Knrkor , S. J. , Aurora , Nob.
Knowltcn E. W. , Oxford , Neb.
Lnr&on it Son , Brainnrd , Nob.
Lamhofer Ed..Schyuler , Nob.
Lyons Drug Co. . Lyons , Nob.
M'aylo , J. W. , Blair. Nob.
Moran John. Olax , Neb.
Morrih it Co. , O'Neill , Nob.
McEvoy L. A. , North Platte , Neb.
Odendiihl Bros. , LoupCity , Neb.
Ovorlleld J. E. , Neligh , Neb.
Pothick Thos. M. , Silver Creek. Neb ,
Hobb.l. D. , McCook , Nob.
Stevens W. II. , Ogden , Utah.
Showers it Go. . Lin wood. Nob.
Stuart it Ferris , Cedar Blulls , Neb.
Shrvock W. B. . Louisville , Neb.
Sojkora E. J. , North Bend , Nob.
Stein it Co. , Lincoln , Neb.
Scull E. B. . Boulder , Col.
Thomas J. K. , Toknnmh , Nob.
Travis \ Samples , Holdrege , Neb.
Wells W. E. . Burwoll , Neb.
Woods HI. , Slromsbiirg , Nob.
Wood W. J. it Co. . Bulhilo Gap , Dak.
Wlialey , M. U. , Chirks , Nfb.
WolxGco. , Fremont. Nob.
Wilson C. W. , Mead , Nob.
Wolf it Glllon , Madison , Nob.
Young J. 1' . , Plattsmouth , Neb.
DistributingAgentsMax Meyer ACe . Omaha , Neb. ;
ho has been upending his lifetime.
Under a cloth stood his invention , bmall
yet perfect and capable of generating
enough heat to turn the shop room into
u regular Turkish bath. The inventor
uncovered the machine and explained
borne ot its workings , but the most im
portant parts are still secret , "tor
years , " he said , "I studied and experi
mented in vain. My llrst work was on
the rule that from the result the cause
could bo produced. Following this
theory I commenced on the electro-
thermic battery , reasoning thut if heat
generated the electricity , by working
backward heat could be made by elec
tricity.- For a long time I clung to this ,
but had finally to abandon it as practi
cally impossible. Various other the
ories were tried and many weary hours
spent in study when 1 bhould have been
resting from my day's work.
"Somo of my experiments produced
heat , but not in sulliciont quantities to
bo of any benefit. Finally I started oil
on another tack and began a new line
of reasoning. Heat is simply an accel
erated motion to the molecules of a body
which crowd out a larger space for them
selves in their fabler movements and
consequently caubo the expansion no
ticed in a boated object. This heat is
diffused by radiation , tliat is by impart
ing its motion to the adjpi.nng molo-
culos. This is the case either in a solid
body or In ttuld. Following up this
thoorv I began experimenting with elec
tricity as a moans for causing an in
creased motion to the molecules of n
body. The first thing necessary was to
form a substance on which the electricity
could act. Hero it is. "
An irregular shaped piece of composi
tion that looked like a lump of eoko &f
carbon was disclosed to view. Wires
were connected at opposite ends of it
and that was all. The Inventor pressed
a button and in aji instant the mass
gave forth n heat not dry like a furnnco
nor yet damp , but that pleasant warmth
felt on a spring day when the sun shines
brightly and fairly invigorates a person
after the cold days of winter. In the
further corners o'f the room the heat
evenly penetrated , and except when
quito close the sound could not bo no-
ticca. The Mass did not change color or
present any dilToront appearance when
the current was shut oil.
' The composition of that is the first
Bocrot , " said the electrician as ho broke
the current , ' 'and will bo bo us long as I
can keep it. As you can neo , it is prin
cipally carbon to conduct the electric
ity. By adding certain acids it can bo
molted and moulded in any form desira
ble ; in masses to put in grates , shaped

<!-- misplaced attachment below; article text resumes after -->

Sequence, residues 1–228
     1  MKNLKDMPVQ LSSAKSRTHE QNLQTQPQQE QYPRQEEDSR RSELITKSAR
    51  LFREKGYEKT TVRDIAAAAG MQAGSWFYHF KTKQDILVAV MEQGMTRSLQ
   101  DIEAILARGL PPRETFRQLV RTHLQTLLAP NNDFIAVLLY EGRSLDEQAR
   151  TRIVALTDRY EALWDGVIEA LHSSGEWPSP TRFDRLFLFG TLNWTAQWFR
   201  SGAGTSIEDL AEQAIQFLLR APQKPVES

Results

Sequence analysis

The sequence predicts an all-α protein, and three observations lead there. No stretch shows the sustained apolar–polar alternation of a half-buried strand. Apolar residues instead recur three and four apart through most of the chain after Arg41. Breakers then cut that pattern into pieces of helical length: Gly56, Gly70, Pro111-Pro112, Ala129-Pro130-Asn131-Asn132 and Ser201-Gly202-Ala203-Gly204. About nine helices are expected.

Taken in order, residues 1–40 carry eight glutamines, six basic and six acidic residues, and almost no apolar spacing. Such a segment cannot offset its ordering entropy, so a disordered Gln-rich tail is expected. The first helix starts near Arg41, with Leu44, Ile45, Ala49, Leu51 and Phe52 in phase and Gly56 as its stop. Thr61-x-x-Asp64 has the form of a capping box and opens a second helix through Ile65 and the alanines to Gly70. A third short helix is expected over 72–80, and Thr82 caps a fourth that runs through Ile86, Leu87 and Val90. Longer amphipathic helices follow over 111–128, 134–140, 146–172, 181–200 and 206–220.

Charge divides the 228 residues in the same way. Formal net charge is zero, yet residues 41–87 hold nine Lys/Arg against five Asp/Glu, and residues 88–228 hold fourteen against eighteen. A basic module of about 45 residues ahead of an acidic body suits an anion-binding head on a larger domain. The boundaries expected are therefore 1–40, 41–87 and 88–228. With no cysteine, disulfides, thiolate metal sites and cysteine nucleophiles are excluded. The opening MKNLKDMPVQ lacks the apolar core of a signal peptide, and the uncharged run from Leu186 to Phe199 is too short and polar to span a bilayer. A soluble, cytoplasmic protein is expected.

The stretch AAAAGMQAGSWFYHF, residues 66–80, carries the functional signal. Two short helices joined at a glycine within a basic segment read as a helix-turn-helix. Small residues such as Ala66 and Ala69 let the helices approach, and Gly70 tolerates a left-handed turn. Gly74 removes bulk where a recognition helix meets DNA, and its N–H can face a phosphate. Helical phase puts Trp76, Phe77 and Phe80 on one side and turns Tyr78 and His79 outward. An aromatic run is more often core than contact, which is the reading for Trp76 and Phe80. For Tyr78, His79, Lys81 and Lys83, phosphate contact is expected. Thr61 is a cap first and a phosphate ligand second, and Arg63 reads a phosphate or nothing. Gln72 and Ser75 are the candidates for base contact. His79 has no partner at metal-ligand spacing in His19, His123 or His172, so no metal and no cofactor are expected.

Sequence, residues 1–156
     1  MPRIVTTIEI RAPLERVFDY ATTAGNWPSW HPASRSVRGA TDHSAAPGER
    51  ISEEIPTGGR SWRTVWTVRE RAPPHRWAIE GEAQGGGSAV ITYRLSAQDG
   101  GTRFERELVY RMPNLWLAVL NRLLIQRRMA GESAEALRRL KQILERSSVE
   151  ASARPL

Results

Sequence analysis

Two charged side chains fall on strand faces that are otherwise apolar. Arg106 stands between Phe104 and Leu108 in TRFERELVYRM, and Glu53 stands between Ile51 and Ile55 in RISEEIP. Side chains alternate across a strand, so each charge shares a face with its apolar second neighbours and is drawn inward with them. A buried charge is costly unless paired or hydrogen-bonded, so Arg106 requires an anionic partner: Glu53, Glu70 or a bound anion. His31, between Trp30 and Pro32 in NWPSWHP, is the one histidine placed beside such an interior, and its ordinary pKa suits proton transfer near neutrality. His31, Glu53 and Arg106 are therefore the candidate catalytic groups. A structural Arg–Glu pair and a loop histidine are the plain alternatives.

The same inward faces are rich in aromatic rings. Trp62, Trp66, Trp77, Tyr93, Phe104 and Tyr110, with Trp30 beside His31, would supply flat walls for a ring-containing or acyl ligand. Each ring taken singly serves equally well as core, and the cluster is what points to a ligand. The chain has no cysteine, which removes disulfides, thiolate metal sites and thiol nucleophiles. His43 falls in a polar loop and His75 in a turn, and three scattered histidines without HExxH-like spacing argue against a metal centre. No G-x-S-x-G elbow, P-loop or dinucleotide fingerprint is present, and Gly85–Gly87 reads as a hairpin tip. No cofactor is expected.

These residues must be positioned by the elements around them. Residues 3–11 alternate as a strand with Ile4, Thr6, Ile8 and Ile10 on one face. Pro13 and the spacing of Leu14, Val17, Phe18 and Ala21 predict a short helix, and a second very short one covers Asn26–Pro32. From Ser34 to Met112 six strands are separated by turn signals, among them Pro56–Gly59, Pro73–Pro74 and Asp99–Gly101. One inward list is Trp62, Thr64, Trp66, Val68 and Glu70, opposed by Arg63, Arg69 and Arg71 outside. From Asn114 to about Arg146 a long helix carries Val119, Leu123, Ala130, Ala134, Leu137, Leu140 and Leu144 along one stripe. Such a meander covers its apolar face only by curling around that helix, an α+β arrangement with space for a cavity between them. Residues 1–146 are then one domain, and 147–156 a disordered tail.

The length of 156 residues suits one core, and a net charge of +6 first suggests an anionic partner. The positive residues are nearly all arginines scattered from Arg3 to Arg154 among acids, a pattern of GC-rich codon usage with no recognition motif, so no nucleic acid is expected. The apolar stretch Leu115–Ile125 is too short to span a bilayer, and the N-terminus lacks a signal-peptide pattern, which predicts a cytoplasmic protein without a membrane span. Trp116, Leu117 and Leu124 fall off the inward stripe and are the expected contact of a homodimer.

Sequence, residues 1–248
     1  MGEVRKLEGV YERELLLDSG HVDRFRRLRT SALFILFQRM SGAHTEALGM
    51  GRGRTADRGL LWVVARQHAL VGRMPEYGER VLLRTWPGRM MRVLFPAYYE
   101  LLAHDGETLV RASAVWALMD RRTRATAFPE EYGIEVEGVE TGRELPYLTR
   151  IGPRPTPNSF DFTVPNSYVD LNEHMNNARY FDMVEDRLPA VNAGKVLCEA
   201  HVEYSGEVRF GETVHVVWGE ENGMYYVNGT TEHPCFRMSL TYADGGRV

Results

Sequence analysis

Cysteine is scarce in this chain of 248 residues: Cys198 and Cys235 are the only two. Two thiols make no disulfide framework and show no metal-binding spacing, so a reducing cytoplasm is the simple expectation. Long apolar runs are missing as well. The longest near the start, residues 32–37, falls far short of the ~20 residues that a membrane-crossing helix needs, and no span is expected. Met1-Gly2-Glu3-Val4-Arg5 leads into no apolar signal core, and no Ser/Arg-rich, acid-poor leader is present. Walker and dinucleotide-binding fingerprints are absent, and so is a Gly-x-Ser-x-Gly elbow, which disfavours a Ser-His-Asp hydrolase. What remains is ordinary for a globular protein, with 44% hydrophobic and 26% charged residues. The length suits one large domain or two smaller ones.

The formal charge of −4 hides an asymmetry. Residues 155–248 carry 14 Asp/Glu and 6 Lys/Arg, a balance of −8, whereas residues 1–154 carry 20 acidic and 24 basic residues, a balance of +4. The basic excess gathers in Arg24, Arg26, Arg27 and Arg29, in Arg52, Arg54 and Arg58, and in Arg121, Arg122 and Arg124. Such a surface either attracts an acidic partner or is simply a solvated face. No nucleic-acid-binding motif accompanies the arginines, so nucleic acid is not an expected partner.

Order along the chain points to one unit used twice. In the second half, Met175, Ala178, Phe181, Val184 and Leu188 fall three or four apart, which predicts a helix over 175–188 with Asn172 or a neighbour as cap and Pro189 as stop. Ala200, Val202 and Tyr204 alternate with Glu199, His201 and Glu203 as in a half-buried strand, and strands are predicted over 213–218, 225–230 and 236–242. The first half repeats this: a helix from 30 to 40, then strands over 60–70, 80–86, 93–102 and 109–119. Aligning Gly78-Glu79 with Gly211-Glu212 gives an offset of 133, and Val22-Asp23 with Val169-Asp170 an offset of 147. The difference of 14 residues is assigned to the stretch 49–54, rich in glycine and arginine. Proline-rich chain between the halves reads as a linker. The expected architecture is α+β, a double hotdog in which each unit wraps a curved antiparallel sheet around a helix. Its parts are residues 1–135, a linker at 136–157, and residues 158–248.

like radiators , flat and placed under
registers or whatever way wanted. I
call it by a now name , carbodium. But
here is the moat important part of the
wlmlo thing : the machinery whic
gives motion to the molecules and gen
erates heat in the carbodium. It con
sists of a device for making and break
ing a ftrong current of electricity as is
done in an electric door bell. This ,
however , is made on an entirely
dilleront plan , and cost mo two
years of study. As it is
hot patented yet , I don't wish
the principle to become known , but it
nets with inconceivable rapidity , in
fact , so fast that placed in a circuit with
electric lamps the light barely quivers.
The current iw intended to inss through
this and in jerks to the cnrbodium. On
that peculiar composition it has the ef
fect Ural of producing the small amount
of heat given oil by an electric light or
two wires when crossed. This is sufficient -
' ficiont to start the accelerated action of
the molecules , which is then taken up
by the electricity , coining in broken
! currents fabler than tno motion of the
molecules themselves , and boon causes
' an intenseheat. . From this simple outline -
line and the lest you sco my invon-
' lion is a success. It can bo attached to
! the same wires which run an electric
' light circuit , and does not require
Uoarly as much power as a single light.
Owing to the equal dilluston of the heat
one carbodium will warm half a dozen
rooms. The apparatus itself costs very
1 litllo. Of course , a severe shock would
bo received if Iho carbodium were
i touched , but with the care given a car
bon lamp no accident need result. I
ant engaged now in perfecting a now
kind of insulation which will not wear
oil'anu which is entirely dilToront from
the covoringri used for wires at present.
By dipping the metal in a peculiar kind
of solution permanent insulation is se
cured , which makes it impossible to re
ceive a shock even from the most power
ful dynamo. "
The inventor thinks his fortune is
made , and ho has fcecurod monicd menlo
lo back him , including a well-known
and wealthy electrician of thib city.
Globe-Democrat : Every ono who
knows a railroad engineer nnd baa
watched him about his engine knows tha
alTeollon and oven tenderness with
which ho handles it and hpeaks of It.
There is no pol like ono of Ihoso iron
dogs. It is tlio man's protector. It has
the t-pccd of his horoo , and more. It
has to his car , a voice a glad , welcom
ing voice. Ho likes iibuvo all the cry
of that engine , and its shout of dollanco
to Ills rival on the other road. "Jack
never tires of tolling what his ongina
did when she was going up "Rattle-
biiako Grade. " But wo find this affec
tion badly broken by the now rules of
"first in. first out. " The engines are
sent out in the order they came in , and
the engineer takes' whalovor ono falls
to his lot , So romance depart ? from the
exactions of bualuosj habits nnd routine ,